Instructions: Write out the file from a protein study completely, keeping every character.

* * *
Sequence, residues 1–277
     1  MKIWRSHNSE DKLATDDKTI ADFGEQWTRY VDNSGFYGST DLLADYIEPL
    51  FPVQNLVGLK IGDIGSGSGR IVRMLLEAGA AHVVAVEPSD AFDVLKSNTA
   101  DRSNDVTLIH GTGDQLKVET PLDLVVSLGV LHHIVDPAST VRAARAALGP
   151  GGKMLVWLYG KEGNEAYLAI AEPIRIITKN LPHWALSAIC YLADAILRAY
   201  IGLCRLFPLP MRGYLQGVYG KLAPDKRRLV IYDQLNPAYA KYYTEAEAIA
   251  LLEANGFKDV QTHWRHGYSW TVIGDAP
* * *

Sequence, residues 1–277
     1  MKIWRSHNSE DKLATDDKTI ADFGEQWTRY VDNSGFYGST DLLADYIEPL
    51  FPVQNLVGLK IGDIGSGSGR IVRMLLEAGA AHVVAVEPSD AFDVLKSNTA
   101  DRSNDVTLIH GTGDQLKVET PLDLVVSLGV LHHIVDPAST VRAARAALGP
   151  GGKMLVWLYG KEGNEAYLAI AEPIRIITKN LPHWALSAIC YLADAILRAY
   201  IGLCRLFPLP MRGYLQGVYG KLAPDKRRLV IYDQLNPAYA KYYTEAEAIA
   251  LLEANGFKDV QTHWRHGYSW TVIGDAP